I keep reading news coverage about campaign contributions: how much each side is getting, who is giving the money, whether the money is going directly to candidates or to other organizations like political parties or political action committees, and so on. But when I worry about the influence of money in politics, I worry a lot more about spending on lobbying than I do about spending on campaigns.
Here's some basic data from the always-useful Open Secrets website run by the Center for Responsive Politics. The first table shows total reported spending on lobbying, year by year, although the 2012 spending is only for part of the year so far. The second table shows total campaign spending, both for congressional and presidential races.
Here are some thoughts:
1) My guess is that a lot of spending on what I might think of as lobbying activities goes unreported: this is only spending from by registered lobbyists. Nonetheless, the amount of spending by lobbyists is consistently high, and comparable in size to campaign spending. For example, total spending on the 2010 campaign and on lobbying in 2010 were roughly similar, at about $3.5 billion. But spending on lobbying was also that high in 2009 and 2011, when there were no elections at all.
2) Spending on lobbying is much more concentrated. Open Secrets reports that the total of lobbying spending is spread over about 12,000 lobbyist in the last few years. In contrast, in the 2008 presidential campaign about 1.3 million Americans gave more than $200 to political candidates, parties, or PACs, and of that group, about 280,000 gave more than $2,300, and about 1,000 gave more than $95,000. It's true that a fairly small percentage of Americans give any money at all to political campaigns, but it's also true that the 1 million-plus individuals who do give are a much broader cross-section of society than are the lobbyists.
3) In many ways, spending on lobbying is better-targeted and less publicly clear than are campaign contributions. Lobbyists are often focused on the fine print that might be inserted in a broader piece of legislation--that exception or added provision that means so much to their employer. A campaign contribution gets spent on much more general purposes: advertising or travel costs or website maintenance or some other form of outreach to voters. In addition, Campaign contributions come from many different directions, representing many different interests. The public knows the outcome of political campaigns on Election Day, but the public never finds out about the success of many lobbying efforts, which may involve something as subtle as just leaving something out, or changing a word like "required" to a word like "recommended."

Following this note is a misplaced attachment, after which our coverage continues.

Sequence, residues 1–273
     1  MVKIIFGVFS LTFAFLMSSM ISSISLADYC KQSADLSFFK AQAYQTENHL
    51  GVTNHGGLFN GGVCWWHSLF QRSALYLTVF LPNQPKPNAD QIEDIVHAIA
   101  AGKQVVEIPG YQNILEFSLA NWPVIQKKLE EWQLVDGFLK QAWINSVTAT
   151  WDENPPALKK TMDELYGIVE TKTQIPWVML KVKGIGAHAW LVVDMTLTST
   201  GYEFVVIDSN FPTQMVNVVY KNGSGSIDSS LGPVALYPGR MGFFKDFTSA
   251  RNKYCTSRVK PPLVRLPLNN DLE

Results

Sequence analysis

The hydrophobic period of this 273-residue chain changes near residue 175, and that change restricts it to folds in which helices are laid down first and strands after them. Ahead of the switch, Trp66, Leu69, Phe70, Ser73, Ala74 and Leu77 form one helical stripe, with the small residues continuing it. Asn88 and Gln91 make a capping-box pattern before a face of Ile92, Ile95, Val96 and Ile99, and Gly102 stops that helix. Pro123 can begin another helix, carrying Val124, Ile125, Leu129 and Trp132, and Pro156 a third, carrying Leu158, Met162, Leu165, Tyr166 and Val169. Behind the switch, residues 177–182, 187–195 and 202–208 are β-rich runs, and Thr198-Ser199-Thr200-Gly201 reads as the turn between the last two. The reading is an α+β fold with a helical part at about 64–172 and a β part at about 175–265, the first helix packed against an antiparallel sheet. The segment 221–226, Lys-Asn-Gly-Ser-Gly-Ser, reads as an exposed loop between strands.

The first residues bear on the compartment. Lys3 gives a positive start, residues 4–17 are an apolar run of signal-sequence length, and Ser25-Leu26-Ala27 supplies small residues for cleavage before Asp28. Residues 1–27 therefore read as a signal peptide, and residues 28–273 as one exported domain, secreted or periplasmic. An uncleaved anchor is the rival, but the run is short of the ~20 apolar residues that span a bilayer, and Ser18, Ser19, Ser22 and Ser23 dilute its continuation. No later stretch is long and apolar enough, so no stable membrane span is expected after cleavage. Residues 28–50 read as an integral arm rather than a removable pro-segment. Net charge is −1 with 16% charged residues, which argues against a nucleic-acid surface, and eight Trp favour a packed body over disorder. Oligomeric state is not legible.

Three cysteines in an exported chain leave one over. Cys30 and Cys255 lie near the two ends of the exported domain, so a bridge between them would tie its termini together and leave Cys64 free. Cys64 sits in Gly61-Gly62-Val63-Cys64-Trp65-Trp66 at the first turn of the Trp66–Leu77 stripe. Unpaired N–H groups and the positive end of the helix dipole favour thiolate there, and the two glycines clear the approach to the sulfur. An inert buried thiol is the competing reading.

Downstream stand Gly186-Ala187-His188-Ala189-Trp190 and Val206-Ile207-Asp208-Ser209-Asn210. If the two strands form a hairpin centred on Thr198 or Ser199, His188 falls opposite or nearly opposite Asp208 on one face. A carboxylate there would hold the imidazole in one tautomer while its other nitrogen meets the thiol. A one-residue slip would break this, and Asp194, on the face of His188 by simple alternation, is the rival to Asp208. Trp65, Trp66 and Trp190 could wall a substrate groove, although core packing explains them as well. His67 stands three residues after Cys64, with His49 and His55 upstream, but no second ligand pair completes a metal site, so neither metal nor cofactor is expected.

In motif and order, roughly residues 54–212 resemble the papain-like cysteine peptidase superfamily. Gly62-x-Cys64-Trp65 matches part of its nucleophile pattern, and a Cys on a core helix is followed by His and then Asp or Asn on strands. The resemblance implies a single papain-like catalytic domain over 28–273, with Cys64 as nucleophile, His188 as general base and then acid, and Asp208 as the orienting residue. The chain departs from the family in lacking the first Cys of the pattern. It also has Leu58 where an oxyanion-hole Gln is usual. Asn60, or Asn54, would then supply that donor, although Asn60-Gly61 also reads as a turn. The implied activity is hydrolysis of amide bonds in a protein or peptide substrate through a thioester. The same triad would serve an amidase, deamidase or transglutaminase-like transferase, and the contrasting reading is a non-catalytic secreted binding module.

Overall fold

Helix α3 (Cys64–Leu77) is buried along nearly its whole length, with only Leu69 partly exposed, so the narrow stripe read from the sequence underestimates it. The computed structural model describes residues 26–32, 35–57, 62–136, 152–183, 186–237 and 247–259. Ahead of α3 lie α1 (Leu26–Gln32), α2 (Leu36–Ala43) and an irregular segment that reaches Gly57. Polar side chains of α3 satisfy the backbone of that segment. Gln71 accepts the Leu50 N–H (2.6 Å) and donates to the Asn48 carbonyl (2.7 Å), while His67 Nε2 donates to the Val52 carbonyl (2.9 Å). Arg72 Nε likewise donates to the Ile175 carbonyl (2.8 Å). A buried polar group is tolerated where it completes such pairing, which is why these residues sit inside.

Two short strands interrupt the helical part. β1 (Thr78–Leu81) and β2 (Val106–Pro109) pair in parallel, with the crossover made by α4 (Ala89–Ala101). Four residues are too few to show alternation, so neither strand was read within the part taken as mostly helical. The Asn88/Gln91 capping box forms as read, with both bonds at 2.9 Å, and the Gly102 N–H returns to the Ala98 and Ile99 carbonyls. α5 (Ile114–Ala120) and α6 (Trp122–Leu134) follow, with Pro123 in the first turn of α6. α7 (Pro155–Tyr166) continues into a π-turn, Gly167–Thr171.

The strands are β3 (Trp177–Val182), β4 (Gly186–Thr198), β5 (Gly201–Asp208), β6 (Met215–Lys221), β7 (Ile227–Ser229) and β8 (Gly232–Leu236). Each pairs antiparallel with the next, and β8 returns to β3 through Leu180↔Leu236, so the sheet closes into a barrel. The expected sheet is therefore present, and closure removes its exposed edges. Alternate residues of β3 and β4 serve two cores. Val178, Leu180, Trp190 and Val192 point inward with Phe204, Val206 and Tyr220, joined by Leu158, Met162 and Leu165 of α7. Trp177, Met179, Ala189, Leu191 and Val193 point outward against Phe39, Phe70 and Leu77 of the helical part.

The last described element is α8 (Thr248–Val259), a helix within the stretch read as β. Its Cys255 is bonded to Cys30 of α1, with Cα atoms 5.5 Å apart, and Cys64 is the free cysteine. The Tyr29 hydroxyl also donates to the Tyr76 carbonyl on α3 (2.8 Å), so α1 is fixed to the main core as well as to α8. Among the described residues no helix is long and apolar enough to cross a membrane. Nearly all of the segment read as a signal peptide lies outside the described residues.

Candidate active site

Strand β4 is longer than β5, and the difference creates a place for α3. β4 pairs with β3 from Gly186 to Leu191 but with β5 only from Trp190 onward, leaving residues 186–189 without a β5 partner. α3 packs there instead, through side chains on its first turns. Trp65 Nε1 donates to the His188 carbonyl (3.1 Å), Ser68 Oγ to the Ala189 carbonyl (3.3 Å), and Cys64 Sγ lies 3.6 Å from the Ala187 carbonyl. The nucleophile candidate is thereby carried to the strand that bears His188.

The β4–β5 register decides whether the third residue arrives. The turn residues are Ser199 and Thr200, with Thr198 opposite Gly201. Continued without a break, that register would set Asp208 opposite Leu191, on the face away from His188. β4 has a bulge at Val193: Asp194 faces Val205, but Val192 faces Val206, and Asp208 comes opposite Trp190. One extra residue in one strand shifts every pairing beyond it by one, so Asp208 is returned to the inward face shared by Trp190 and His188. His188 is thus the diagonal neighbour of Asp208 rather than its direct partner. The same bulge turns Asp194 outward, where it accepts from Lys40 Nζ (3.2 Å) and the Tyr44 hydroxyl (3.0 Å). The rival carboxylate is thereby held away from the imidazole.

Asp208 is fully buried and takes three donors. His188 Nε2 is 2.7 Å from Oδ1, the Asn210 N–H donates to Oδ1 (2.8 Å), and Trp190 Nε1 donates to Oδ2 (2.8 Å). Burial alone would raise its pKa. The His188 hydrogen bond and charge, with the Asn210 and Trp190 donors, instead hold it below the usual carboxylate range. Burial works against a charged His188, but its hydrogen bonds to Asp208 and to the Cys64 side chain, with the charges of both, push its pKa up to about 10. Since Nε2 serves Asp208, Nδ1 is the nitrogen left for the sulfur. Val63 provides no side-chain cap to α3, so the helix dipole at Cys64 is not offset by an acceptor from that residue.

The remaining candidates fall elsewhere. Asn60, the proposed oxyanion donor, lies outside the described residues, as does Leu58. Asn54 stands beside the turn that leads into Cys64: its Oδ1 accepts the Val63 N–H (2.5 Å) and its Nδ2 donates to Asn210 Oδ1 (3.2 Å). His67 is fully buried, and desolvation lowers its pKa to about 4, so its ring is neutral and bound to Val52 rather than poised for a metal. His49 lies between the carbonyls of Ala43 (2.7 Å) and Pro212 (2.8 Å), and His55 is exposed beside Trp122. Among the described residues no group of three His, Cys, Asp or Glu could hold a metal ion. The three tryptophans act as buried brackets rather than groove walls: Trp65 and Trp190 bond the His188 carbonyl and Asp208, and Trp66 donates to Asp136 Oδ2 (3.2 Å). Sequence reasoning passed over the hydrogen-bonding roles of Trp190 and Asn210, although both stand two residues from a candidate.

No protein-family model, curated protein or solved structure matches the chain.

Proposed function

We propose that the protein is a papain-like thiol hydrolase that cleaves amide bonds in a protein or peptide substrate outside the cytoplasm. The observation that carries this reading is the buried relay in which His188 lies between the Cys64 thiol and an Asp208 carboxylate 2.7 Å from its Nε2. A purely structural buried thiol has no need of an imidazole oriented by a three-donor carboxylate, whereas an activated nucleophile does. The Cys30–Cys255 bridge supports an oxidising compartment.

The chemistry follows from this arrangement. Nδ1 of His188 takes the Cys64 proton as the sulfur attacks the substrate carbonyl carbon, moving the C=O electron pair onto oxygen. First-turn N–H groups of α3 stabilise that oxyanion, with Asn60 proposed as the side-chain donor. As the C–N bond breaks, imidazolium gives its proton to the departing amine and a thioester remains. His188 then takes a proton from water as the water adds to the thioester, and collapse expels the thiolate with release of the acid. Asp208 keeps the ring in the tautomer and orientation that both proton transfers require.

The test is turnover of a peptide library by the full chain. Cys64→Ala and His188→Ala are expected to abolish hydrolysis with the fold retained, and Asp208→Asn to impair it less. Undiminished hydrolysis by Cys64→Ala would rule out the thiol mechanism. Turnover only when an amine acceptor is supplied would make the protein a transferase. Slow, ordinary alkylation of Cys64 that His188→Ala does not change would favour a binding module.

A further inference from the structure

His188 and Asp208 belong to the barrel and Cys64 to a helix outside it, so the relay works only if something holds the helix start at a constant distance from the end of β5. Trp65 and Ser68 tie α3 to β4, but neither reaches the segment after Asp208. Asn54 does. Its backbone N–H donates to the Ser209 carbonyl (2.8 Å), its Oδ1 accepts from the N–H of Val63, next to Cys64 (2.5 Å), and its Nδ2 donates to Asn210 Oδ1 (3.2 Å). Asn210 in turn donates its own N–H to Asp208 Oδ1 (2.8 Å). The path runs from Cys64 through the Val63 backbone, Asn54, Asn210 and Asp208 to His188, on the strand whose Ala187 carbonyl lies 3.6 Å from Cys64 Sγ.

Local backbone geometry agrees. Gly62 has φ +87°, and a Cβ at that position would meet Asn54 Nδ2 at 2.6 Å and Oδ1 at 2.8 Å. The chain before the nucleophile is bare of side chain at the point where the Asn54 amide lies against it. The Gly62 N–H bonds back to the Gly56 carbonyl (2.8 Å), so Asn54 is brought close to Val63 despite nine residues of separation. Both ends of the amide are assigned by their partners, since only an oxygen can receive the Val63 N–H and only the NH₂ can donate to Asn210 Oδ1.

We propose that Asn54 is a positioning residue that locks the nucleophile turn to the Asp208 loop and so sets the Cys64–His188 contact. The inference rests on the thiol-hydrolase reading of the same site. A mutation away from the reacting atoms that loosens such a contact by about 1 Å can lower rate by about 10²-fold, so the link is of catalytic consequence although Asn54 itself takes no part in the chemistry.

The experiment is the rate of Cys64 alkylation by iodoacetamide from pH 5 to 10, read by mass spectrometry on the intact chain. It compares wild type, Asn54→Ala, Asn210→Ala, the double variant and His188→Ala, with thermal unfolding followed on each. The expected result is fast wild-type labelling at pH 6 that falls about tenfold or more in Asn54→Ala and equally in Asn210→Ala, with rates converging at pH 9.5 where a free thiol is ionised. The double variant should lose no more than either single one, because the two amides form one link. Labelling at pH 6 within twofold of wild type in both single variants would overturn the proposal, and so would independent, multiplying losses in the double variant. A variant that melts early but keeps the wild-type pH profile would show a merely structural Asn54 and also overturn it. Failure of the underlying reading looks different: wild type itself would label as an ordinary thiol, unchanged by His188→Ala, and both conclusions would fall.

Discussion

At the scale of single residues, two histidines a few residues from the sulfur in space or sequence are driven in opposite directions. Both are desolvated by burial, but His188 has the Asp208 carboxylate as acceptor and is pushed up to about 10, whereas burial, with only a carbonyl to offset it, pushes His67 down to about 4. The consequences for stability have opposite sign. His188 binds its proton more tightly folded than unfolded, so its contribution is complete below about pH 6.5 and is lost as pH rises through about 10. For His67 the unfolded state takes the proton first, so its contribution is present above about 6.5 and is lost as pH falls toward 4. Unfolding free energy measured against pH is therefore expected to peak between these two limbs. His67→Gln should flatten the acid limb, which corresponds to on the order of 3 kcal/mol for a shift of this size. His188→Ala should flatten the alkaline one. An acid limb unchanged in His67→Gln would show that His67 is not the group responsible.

4) Some years back in the Winter 2003 issue of my own Journal of Economic Perspectives, Stephen Ansolabehere, John M. de Figueiredo and James M. Snyder Jr. asked a classic social science question, "Why is There so Little Money in U.S. Politics?" (The article is freely available on-line, like all JEP articles from the current issue back to 1994, courtesy of the American Economic Association.) In 2012, the U.S. government will collect something like $2.5 trillion in taxes and will probably spend more than $3.5 trillion. Yet the campaign spending that shapes who will vote on these levels of taxes and spending is just $6 billion--about two-tenths of 1% of federal spending. For comparison, total sales of hair care products in the U.S. are about $7 billion per year, and sales of toothpaste are $2 billion per year. Proctor & Gamble alone spent something like $4.6 billion on advertising in 2010. It's probably not reasonable to think that a free-and-open U.S. national election in a $15 trillion economy should spend a whole lot less than what the country spends on hair care and toothpaste, or what one company spends on advertising.
Ansolabehere, Figueiredo and Snyder argue most campaign contributions, most of the time, should be viewed as a consumption good, not as an investment with an expected return. After all, most people and companies don't give anything to campaigns, which suggests that they don't think the money they give will affect the outcome. It's very hard to find evidence that campaign contributions cause politicians to vote in a way that the people of their district or state would object to: that is, politicians respond much more to their constituencies than to their campaign donors. Lots of people give money to causes they believe in, from United Way to various charities, and for the ideologically committed, political contributions often fall into the same general category.
5) I'll close by noting that concern over the effect of political contributions on election outcomes is often highly partisan. For example, I don't know a lot of Democrats who believe that President Obama's 2008 victory was noticeably tainted by his decision to break his earlier campaign pledge and become the first presidential candidate to forego matching funds so that he could vastly outspend John McCain by $745 million to $368 million (again, amounts according to the Open Secrets website). And I don't know any Republicans who have ever felt that a Republican victory was tainted by outspending the opposition.
Democracy can be in some ways a rowdy and unedifying process. But I distrust attempts by incumbent politicians to regulate the quantity or quality of spending on campaigns, which often seems to end up helping the incumbents remain in office. I'd rather rely on voters on election day to separate the wheat from the chaff. And those who want to reduce the role of money in politics might perhaps reallocate some time away from worrying about campaign contributions to encourage those incumbent politicians to restrict and publicize the efforts of lobbyists.